GameCentral talks to punk developer Suda51 about his new game, the state of indie gaming in Japan, and a killer7 directors cut.
Goichi Suda51 Suda is one of Japans most unlikely development heroes. By his own admission his games are rarely hits in his home country and yet his mix of surrealist imagery and storytelling, combined with pop art violence and arcade action, means you can spot a Suda51 game almost the instant you see it.
In recent years though hes taken more of a producer role at his studio Grasshopper Manufacture and this is his first game as a director for over a decade. (Although his games have a very indie aesthetic Grasshopper is actually owned by Puzzle & Dragons developer GungHo Online Entertainment.)
We only had time for a brief go on the new game, when we met with him recently in London, but Travis Strikes Again is more spin-off than sequel. It features the father of Bad Girl, from the previous No More Heroes games, seeking revenge against anti-hero Travis – an act which ends up with both him and Travis being sucked into a possessed video game console.
What results does keep some of the core gameplay from No More Heroes, most obviously the use of a not-a-lightsabre weapon. The Switchs motion controls are used to a degree, for things like charging up the lightsabres power (which makes you look like youre doing something unseemly with the Joy-Con), but Sudas main interest in the Switch seems to be its capacity for local co-op play.
The video game theme, with Travis working through various fictional games to remove their bugs, is also an ode to the modern indie scene, with references to many famous Western titles – whose creators Suda is a great admirer of.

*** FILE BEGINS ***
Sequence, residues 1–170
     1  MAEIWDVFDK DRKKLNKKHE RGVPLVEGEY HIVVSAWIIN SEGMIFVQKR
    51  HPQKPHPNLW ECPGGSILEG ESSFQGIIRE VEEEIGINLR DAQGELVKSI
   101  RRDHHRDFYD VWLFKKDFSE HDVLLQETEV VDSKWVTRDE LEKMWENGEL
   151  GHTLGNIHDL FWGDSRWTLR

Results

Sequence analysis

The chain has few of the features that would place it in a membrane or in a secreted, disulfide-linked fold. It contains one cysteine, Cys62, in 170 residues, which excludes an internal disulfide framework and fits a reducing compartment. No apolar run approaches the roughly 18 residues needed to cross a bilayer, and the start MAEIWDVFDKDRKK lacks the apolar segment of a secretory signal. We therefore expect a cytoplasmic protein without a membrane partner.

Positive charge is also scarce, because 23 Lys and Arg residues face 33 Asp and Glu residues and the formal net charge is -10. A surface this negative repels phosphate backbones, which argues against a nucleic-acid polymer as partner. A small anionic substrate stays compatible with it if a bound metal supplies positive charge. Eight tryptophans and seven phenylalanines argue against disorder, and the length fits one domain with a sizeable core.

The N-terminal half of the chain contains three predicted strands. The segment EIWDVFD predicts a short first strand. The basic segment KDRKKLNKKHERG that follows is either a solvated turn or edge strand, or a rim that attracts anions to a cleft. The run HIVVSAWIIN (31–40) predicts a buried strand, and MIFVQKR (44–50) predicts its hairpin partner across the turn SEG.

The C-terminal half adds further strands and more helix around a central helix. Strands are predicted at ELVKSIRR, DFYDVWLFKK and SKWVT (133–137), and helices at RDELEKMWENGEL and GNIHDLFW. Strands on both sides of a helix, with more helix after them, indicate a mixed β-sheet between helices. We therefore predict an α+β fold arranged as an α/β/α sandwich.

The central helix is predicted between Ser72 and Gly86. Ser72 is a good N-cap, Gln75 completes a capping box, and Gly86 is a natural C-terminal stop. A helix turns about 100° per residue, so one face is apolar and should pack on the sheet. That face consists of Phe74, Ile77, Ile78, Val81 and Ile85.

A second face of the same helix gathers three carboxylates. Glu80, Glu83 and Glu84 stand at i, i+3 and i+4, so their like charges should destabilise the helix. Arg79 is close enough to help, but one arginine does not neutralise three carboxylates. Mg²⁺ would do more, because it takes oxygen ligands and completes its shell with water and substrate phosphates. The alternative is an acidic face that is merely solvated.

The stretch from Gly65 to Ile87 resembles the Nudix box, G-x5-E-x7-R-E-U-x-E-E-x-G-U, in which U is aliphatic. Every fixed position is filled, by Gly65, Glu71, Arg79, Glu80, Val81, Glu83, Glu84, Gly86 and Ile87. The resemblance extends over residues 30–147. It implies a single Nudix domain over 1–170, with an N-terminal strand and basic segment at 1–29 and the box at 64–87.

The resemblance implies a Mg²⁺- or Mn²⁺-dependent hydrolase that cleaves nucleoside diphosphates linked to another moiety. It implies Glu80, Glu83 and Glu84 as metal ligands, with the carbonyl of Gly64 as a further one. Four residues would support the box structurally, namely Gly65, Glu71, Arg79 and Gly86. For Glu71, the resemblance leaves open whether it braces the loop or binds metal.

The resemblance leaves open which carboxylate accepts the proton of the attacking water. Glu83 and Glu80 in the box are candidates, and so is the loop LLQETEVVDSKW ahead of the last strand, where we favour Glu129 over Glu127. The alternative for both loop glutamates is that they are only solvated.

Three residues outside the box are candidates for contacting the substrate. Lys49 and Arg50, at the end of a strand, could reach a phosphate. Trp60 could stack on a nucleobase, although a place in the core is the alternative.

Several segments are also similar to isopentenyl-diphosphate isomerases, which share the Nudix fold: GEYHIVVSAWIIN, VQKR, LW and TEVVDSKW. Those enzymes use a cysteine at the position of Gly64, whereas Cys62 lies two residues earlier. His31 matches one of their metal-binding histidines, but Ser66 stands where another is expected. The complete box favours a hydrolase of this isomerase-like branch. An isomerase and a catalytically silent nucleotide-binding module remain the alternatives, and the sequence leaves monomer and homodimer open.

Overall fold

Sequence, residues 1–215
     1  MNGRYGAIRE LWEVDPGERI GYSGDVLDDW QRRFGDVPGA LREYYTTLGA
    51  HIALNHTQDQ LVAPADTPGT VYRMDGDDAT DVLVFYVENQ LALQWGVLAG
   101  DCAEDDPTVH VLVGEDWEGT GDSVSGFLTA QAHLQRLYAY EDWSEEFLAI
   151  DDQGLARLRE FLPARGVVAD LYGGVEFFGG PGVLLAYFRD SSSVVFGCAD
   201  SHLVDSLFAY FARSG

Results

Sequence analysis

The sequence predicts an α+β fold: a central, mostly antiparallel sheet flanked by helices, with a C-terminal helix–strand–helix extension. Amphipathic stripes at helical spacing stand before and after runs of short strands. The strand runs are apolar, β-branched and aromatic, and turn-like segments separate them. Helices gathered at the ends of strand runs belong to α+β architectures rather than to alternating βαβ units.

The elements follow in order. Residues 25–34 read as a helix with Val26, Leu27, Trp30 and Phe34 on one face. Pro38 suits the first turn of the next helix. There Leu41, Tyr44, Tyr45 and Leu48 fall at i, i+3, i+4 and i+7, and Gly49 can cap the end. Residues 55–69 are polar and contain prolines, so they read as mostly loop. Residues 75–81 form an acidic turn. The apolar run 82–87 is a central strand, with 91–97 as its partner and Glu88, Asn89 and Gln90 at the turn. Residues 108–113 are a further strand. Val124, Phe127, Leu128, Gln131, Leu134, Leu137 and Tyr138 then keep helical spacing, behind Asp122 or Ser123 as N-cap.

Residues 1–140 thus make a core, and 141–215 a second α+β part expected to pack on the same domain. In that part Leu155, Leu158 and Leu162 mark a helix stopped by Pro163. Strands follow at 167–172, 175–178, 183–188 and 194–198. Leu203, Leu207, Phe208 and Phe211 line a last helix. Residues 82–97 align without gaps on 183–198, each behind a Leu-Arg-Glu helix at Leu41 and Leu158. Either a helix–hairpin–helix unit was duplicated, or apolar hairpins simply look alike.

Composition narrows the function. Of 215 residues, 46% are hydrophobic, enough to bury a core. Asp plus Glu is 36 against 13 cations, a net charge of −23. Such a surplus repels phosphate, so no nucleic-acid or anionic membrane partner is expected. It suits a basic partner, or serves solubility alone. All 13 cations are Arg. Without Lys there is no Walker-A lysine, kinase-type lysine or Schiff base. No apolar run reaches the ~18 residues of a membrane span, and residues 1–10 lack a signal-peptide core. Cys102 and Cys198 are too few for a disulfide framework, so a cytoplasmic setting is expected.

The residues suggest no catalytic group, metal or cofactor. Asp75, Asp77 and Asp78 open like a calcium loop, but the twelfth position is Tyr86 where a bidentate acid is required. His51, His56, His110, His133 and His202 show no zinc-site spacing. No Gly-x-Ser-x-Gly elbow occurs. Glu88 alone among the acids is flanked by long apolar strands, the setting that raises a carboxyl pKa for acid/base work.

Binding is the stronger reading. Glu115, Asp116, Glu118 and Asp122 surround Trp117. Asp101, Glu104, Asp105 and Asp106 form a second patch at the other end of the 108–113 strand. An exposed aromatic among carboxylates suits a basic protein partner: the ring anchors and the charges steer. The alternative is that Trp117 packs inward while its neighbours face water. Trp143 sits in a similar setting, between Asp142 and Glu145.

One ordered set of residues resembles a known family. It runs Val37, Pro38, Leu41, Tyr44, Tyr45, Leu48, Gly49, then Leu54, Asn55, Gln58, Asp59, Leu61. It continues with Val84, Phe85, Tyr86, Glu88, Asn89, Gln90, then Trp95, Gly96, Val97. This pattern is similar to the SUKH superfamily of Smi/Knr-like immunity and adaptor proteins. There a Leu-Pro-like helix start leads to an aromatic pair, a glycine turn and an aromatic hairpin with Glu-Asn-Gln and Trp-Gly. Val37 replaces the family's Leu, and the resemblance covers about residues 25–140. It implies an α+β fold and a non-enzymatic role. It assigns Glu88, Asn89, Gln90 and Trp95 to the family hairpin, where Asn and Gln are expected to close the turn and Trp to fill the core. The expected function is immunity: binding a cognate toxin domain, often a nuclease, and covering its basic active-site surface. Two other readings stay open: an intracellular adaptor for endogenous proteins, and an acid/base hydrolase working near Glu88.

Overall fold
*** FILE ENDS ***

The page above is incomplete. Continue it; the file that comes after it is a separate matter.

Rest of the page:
Its obvious from speaking to him that Suda feels indie games have been a very positive force in the last few years, but we also got him talking about other subjects such as his own past projects and whether or not Travis is a douchebag…
Formats: Nintendo Switch
Publisher: Grasshopper Manufacture
Developer: Grasshopper Manufacture
Release Date: 18th January 2019
GC: Its great to meet you, Im a big fan of your work.
GS: [laughs] Thank you!
GC: As I understand it youve taken a more managerial role in the last few years and this is the first time youve been a full-on director since… the mid-2000s?
GS: [laughs] Im not sure about the exact year, but the last game I served as director on was No More Heroes 1. [That was 2007 – GC]
GC: So why have you chosen this game in particular to make a comeback with?
GS: There are multiple reasons why I decided to become a director for this game. Up until now, for about 10 years, I severed in multiple other positions, such as creative director, executive, director… some positions I wasnt even sure what exactly to call myself.
GS: I was doing mostly product management on large scale development, with teams of 50 or more people. In those position I could never work directly on the game myself. There was a very organised pipeline… and that went on for about 10 years until I started meeting all these other indie creators with very small teams and becoming friends with them.
And they really influenced me and made me want to return to my roots, working with a small staff on a small-scale game. I felt in some way I had to or else eventually I wouldnt be able to go on making games just using the same system I had for the past 10 years.
GC: I thought it was maybe something like that, because Id read about your interest in indie games before this. But Im never clear how prevalent the indie industry is in Japan, although I can imagine the freedom appeals very much to you.
GS: I think the biggest thing is that when I watch them and talk to them they help me remember myself in my youth, and how I was in my twenties. Its like a mirror to my younger self. How theyre focusing on just what they want to make, with all the noise and the rough edges and the passion. Not bending their vision like maybe a bigger game would have to do, to make the numbers work and all that.
What theyre doing is very pure and every member of their small teams really believes in the game and is really focused on getting that out to as many people as possible.